I will give one concrete – or clay – example and play with Simonds’ stories, for this is what he hopes from his audience. If a pedestrian – here also a reader – stumbles upon a dwelling with two partially constructed concentric circles surrounding a womblike center with a ladder sticking into it, he can freely and safely interpret it to be a dwelling of . If, instead, he decides to claim that it was built and dwelled in by , then he must come up with some evidence within the object itself to defend his interpretation. There are all sorts of imaginative ways he could try, but, in the end, the object always contradicts his claim. There is no denying the insistence of the object. The interpretation may have been fun, and short of calling it wrong, we can at least call it uneconomical. The better interpretation is to say that it was built by .
On the other side of it, let us hypothetically say that Simonds – here as writer – while he is building his dwelling decides to have
build a dwelling in the style of – or said in a way Simonds might prefer: decide for themselves to build a dwelling in the form of . He is welcome to introduce the contradiction and do this. His story is still being written. But if he does this, and wants this to be known by his pedestrians/readers, then he must justify the contradiction and introduce some other marker to make it known. Without that marker, the pedestrian/reader will not know to read the object for the opposite of what it is. He will not recognize the parody. In this case, the object will always contradict Simonds’ own interpretation of it because nothing within the object supports it. He must build the interpretation into it in order that the pedestrian/reader can see it. And this is how the limits of the text are stronger than the limits imposed on it by the author or the reader. If Simonds, as writer, wants to make a character shift – one so drastic as to contradict the very thing that defines his character – he must make the extra effort to show that such a shift remains “in character.”
To continue to play with Simonds’ stories – we big people are too quick to jump outside of his narrative world and justify his work in our world, so let’s stick to it a little longer – we can compare this to Simonds’ work on Greene Street before he defined his three peoples. There he told the story of two warring factions, the gutter dwellers and the window ledge dwellers.
“At this period (1970) there were, in fact, two different people who were at war: the inhabitants of the cliffs, hunters, who lived in the walls and projections of the buildings, and the shepherds who lived on the plain of the streets, in the gutters and against the foundations of the buildings. The cliff dwellers regularly came down to raid the plains dwellers. Finally conquests and assimilation united the two peoples.”[Simonds, Abadie & Celant 32]
In this battle scenario akin to a Calvin and Hobbes cartoon, each group was defined by the location it occupied. When a pedestrian/reader stumbled upon a dwelling at her feet, she understood these as belonging to the gutter dwellers. Likewise, when she stumbled upon a dwelling on a window ledge, she understood these as belonging to the window ledge dwellers. That much is clear (at least to us in retrospect. A true stumbler wouldn’t know what to think). To make an opposite claim would seem preposterous or out of interpretive bounds. But the subtle difference with this case is in the addition of the plot: they are at war. These Little People preceded the linear, circular and spiral dwellers. Their dwellings were also abandoned and only ruins remained, but in war we have a justification for this. We understand that invasion of territory is expected. In this way, we could see the trace evidence of the window ledge dwellers in the location of the gutter dwellers. Still we cannot claim that the gutter dwellers occupied, built on and dwelled on the window ledge. The very nature of who these people are might deny such a possibility. The location, not the style of architecture, tells us who the builders are, so there is no way to say who built or destroyed what. Though warring gives the creative interpreter a little leeway, there is still no denying the most economical interpretation: the gutter dwellers live in the gutter, and in the gutter we see a ruined dwelling therefore the dwelling is the work of gutter dwellers and its destruction is either the work of their enemies, the window ledge dwellers, or the result of their abandonment.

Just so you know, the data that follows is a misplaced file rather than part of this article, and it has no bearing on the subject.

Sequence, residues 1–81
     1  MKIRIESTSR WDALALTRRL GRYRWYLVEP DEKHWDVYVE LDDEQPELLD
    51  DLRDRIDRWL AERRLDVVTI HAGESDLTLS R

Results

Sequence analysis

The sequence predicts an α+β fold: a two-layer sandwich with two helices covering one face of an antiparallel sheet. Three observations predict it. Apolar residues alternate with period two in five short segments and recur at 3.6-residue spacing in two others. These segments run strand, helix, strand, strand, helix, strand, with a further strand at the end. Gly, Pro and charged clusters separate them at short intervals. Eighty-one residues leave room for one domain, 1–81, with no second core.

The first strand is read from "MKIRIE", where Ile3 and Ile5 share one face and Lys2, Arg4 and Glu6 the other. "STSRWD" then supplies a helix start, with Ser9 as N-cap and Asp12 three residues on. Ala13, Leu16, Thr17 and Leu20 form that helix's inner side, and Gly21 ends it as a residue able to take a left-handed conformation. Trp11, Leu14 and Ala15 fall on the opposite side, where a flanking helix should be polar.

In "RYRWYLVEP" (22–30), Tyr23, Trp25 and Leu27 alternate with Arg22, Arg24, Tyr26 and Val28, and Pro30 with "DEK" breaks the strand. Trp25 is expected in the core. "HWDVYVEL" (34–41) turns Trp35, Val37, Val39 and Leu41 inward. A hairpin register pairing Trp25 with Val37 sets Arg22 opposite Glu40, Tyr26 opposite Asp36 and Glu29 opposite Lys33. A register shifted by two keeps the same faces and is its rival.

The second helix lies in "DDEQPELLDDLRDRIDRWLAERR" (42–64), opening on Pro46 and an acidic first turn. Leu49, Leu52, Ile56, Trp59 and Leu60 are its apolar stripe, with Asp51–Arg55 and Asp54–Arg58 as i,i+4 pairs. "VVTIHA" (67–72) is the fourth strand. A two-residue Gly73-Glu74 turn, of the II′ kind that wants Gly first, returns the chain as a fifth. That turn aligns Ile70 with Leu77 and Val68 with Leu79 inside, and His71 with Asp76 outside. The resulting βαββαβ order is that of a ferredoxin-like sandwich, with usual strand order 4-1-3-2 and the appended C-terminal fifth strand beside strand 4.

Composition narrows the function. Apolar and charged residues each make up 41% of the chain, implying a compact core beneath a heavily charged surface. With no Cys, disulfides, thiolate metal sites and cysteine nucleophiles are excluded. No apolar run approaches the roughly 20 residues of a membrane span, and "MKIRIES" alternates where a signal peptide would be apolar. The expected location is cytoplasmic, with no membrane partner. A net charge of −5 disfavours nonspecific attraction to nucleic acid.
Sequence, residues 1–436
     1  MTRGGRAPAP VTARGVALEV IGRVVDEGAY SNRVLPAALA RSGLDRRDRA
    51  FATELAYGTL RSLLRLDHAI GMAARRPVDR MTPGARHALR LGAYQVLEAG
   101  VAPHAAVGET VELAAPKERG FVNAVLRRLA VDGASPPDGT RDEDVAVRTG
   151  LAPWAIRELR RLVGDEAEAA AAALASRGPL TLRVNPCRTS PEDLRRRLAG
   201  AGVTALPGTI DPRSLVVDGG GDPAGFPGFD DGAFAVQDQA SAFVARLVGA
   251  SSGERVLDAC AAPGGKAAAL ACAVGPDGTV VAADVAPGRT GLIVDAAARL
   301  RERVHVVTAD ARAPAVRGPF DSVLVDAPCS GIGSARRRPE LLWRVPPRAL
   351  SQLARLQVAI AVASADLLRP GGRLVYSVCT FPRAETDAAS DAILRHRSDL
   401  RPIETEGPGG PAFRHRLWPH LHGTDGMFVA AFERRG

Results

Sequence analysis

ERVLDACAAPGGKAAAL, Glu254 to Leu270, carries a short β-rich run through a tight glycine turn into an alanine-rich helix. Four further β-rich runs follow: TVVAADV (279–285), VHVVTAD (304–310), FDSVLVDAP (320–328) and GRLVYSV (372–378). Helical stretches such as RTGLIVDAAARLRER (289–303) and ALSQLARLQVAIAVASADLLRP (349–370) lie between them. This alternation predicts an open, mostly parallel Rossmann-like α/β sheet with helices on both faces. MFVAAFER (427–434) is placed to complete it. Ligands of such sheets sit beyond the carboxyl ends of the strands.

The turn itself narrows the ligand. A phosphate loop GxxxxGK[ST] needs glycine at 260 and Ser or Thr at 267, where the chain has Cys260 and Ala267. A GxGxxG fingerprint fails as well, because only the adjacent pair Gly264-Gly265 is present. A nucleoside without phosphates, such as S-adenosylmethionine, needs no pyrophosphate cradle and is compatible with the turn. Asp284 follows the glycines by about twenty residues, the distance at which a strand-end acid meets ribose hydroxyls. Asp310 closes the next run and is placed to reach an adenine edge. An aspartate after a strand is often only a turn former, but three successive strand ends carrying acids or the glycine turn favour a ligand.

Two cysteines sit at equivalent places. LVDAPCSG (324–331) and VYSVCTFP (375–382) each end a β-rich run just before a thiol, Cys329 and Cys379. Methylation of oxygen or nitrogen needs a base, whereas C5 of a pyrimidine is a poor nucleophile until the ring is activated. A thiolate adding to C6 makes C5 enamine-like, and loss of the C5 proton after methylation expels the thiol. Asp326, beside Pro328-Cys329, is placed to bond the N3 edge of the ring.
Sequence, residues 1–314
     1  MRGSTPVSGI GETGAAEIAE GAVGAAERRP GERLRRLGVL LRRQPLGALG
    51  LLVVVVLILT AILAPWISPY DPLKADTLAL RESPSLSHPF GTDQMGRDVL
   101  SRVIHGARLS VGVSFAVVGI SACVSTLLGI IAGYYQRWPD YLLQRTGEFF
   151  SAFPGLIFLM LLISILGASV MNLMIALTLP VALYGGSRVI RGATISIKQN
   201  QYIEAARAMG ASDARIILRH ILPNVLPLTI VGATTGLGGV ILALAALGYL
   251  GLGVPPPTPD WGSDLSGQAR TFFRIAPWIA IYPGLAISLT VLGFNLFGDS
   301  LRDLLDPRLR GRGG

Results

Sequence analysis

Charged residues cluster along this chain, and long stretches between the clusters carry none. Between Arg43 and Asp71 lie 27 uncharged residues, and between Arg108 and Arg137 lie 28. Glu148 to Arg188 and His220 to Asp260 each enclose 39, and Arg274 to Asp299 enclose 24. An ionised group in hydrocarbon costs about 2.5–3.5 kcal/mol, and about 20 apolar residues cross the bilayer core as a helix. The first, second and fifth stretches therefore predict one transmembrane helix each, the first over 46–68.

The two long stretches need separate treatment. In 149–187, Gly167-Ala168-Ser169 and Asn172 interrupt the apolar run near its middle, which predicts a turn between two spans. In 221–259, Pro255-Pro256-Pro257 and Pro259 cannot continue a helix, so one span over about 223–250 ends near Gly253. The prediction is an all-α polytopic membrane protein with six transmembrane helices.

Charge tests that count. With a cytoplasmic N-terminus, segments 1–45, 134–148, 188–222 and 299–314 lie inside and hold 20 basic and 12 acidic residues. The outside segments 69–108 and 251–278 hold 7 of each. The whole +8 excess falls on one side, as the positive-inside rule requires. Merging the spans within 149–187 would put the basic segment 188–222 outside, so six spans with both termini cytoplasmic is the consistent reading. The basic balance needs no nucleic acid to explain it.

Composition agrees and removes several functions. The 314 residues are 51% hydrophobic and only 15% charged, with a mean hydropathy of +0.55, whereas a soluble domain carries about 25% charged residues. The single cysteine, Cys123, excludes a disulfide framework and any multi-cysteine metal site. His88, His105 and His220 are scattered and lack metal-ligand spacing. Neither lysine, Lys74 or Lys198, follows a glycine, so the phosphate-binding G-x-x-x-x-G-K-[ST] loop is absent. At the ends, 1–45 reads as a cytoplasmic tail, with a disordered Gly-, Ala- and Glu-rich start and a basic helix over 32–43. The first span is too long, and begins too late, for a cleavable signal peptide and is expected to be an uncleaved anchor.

Likewise from the other side, taking Simonds as writer again, if he chose to have the gutter dwellers build a dwelling on a window ledge – or, if, as he was working, the gutter dwellers whispered in his ear that they wanted to build on a window ledge – such a decision is justified by our knowledge of war – war includes the seizure of territory. Shifting the emphasis away from the location and anchoring it in the plot justifies the contradiction. In the previous scenario of the and people, the plot was embedded in the design of the architecture and there was nothing in the story to carry the new weight. Here, the plot of war takes the weight and allows the shift.
WRITING WITH BRICKS